Olly Writes

Woodwork, writing, walks, DIY and more!

Nyland to Glastonbury (Part 1)

Saturday 7th May 2016

Before I go on to write about a visit to Salisbury city, following the morning at Stonehenge; I’d like to share with you a new challenge that Anna and I have begun, as we look to bag every accessible trig in the county of Somerset.

Our first walk – a mere fifteen-miles long – took us from Nyland near Cheddar, all the way to the heights of Glastonbury Tor.

If you’re also interested in ‘trig-bagging’, you could also look at the TrigpointingUK website. They even have a smart phone app. For the record; we’re not initially going to include trig pillars in North Somerset, which is still (frustratingly) regarded as Avon in too many sources… For now, I think we have over three-hundred trigs to find in the main county of Somerset!!

Having left our other car in Glastonbury at the end of this linear walk; I parked on a road bend close to Tor Farm, where a patch of gravel beneath piles of dirt made for a makeshift layby, with perhaps room for another car or two.

Despite the high forecast, our day began with light rain and mist all around, which made for a slightly eerie mood across the landscape, beneath and overcast sky.

Without wasting any time, we left the car and almost immediately began to climb Nyland Hill from its south side.

We each had our photo take beside the trig, which is one requirement we’ve made for this new challenge.

Despite being only 76m above sea level; the climb up to the trig from this side is calf-burstingly tough. I’d only been up here once before but that was approaching from the north, only a slightly less-intensive route. No trespassing is required to reach this pillar because the ‘shaven’ half of the hill is open access land (although, horse-riders are required to follow the path).

Nyland Hill is significant for the two of us because it played a part in how we met. If I hadn’t come here on a walk in 2013 and written about it; Anna wouldn’t have been able to find my blog and we might not have grown the friendship and shared walking that we have.

After claiming the trig point, we returned to the southern foot of the hill, passing my car once more to follow Nyland Drove in the direction of Wedmore.

We then took a path on to Wedmore Moor [I think they should rename it to ‘Moor of Wed’…], soon to walk alongside the River Axe.

Initially, we were following a broad track but, as this entered a field to our right, the waymarks suddenly vanished and we were left trying to decide exactly where we were on the map…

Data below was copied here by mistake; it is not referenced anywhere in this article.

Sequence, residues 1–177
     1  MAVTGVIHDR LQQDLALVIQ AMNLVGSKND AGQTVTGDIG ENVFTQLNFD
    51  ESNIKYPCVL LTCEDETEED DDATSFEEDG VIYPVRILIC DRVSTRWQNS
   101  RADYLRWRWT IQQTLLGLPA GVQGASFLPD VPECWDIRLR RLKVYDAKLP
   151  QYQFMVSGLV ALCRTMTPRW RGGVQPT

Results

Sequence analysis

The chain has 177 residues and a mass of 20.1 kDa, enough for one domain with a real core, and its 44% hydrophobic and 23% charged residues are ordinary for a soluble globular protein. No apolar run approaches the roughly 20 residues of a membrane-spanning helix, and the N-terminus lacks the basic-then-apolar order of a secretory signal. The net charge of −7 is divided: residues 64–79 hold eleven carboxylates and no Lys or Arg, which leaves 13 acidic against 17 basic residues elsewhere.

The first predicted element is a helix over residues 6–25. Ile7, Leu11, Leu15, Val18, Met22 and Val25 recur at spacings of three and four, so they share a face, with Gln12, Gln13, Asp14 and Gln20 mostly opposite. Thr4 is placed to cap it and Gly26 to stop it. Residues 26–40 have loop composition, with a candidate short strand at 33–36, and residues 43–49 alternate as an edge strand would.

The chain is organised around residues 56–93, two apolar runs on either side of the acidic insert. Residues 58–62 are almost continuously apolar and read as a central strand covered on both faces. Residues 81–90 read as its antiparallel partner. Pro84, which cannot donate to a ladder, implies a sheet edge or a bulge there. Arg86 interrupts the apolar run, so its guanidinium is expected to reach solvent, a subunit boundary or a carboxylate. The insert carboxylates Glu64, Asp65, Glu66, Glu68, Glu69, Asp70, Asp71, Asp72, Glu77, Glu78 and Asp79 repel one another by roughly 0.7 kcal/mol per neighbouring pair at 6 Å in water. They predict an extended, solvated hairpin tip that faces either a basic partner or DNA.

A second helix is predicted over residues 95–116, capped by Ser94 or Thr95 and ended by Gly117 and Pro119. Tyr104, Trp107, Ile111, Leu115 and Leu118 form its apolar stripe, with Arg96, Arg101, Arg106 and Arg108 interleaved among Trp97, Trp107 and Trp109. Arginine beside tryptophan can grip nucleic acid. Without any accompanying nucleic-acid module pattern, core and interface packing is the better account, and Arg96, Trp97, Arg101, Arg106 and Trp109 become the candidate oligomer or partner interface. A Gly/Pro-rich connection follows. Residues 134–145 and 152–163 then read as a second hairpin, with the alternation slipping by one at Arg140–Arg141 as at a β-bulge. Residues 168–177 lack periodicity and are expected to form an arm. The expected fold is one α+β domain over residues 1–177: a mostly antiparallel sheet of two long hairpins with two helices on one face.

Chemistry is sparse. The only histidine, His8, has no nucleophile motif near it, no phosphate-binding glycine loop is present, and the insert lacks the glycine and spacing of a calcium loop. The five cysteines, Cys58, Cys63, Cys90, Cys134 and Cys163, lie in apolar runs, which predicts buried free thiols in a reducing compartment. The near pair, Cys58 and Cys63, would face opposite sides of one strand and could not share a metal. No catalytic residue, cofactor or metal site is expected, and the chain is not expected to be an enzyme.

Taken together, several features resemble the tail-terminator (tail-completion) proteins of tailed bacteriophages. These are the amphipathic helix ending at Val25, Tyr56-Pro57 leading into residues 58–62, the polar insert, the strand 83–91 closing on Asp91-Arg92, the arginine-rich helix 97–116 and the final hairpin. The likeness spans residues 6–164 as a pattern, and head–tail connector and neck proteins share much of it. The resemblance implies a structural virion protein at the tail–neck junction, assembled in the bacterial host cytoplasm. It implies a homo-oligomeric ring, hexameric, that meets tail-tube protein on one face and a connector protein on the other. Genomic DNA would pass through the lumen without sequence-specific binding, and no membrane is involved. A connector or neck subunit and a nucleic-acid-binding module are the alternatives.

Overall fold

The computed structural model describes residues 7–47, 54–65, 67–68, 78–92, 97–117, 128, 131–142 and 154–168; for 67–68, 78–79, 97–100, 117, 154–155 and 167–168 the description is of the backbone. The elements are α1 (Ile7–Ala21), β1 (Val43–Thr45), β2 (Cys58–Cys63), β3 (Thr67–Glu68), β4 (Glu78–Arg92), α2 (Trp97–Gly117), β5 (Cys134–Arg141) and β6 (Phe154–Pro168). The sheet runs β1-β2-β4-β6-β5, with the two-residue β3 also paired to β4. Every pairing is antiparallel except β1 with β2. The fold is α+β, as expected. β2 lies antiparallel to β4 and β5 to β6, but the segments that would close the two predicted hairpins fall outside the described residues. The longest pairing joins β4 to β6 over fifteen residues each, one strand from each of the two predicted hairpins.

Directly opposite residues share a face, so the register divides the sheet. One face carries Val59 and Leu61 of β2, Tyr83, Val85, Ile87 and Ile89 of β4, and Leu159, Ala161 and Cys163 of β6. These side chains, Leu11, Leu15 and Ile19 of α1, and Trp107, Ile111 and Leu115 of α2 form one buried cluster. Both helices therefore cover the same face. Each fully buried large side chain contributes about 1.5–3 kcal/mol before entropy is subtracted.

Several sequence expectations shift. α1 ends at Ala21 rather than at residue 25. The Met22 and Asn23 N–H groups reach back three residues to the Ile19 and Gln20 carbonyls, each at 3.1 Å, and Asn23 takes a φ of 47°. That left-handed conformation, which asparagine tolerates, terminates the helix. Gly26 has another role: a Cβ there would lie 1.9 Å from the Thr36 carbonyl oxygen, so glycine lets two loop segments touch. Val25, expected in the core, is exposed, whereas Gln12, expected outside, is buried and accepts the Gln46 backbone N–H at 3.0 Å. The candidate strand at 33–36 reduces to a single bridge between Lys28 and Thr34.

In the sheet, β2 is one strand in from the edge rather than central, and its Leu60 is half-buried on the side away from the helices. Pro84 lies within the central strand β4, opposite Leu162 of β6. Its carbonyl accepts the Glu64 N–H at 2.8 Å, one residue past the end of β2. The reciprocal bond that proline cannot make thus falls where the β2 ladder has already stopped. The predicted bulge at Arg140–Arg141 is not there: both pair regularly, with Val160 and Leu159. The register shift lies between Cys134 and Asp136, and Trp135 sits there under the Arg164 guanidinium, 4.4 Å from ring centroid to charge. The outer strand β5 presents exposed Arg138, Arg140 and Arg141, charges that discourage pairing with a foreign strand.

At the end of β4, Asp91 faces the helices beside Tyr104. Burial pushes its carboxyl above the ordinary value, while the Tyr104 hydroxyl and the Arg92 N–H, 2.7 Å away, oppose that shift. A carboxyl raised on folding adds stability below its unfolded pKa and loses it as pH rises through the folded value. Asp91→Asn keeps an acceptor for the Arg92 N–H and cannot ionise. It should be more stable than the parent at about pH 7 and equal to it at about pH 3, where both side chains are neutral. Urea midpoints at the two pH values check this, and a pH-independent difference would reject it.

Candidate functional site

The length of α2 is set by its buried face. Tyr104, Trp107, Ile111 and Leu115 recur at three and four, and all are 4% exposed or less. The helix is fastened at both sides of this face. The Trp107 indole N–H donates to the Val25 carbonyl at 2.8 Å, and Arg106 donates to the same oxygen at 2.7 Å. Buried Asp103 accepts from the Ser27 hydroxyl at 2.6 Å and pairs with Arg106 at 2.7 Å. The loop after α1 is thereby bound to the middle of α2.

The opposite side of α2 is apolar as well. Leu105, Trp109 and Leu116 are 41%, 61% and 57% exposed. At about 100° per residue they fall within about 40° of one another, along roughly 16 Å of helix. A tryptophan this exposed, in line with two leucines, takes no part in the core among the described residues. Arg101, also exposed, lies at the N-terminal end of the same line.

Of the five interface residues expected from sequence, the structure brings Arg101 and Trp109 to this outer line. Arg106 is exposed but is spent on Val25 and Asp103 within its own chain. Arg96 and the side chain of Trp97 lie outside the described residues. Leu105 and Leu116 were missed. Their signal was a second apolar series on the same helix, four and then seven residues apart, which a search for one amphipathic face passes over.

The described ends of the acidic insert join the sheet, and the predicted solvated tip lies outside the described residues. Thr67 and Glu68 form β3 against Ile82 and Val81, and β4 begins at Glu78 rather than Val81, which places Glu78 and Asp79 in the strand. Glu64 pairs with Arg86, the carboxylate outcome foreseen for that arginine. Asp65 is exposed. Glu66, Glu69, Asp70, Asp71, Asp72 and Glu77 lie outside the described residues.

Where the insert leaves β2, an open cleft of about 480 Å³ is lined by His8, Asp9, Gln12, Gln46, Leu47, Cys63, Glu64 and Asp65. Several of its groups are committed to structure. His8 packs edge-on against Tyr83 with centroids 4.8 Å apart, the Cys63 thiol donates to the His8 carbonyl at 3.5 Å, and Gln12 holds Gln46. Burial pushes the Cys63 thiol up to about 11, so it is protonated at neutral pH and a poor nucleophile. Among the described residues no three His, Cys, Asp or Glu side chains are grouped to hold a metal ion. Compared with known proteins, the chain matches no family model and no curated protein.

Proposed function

We attempted to continue our walk through the field above, only to encounter a hedge with no rhyne crossing at the other end.

Following the river for a few extra metres and closer to a footbridge on our left, we discovered a pair of stiles, disguised as fencing but buried behind a bush of leaves and nettles.

This would send us on the right path, along two narrow rhyne crossings and soon to pick up a farm track beside Brickyard Farm.

By this time, the sun was beginning to break through on our final approach in to Wedmore, where we would soon stop for a snack and short rest beside a stream.

Choosing to avoid a field filled with cows, we walked on to the B3151 road, before gradually turning uphill.

In at least one garden, we spotted these silver cat statues… Apparently, you can also find this beside another home. It’s what they might call ‘art’, down in Wedmore.

Following Mill Lane above Stoneybridge Farm, we could see Nyland Hill, suddenly, so far behind us. In the other direction, we’d soon catch a glimpse of Glastonbury Tor, which would still appear to be as far away as the point from which we started this walk.

Approaching lunchtime, we would come to our second trig pillar of the day.

On a road known as Coldnose inside the hamlet of Bagley, we arrived at what is strictly regarded as private land:

Without causing any damage, we hopped over the gate, took a quick photo from the hill top and returned to the road without leaving a trace.

Interestingly, there was an item fitted in to the common hole on top of the pillar. So often, these things are empty. Also, the person managing Ordnance Survey’s Twitter feed didn’t seem to know what the three hooks were for.

This brings us quite neatly to lunchtime, with two trigs already in the bag. Aside from climbing the tor itself, we’d overcome our other main ascent of the day, as we prepared to eat lunch beneath the shade of a willow tree, with actual seats supporting our weight. We even received ice lollies before we resumed walking – as I remember, the highs were about 24º on this day!

In Part 2, we’ll continue our ‘pilgrimage’ to Glastonbury.

Thanks for reading.

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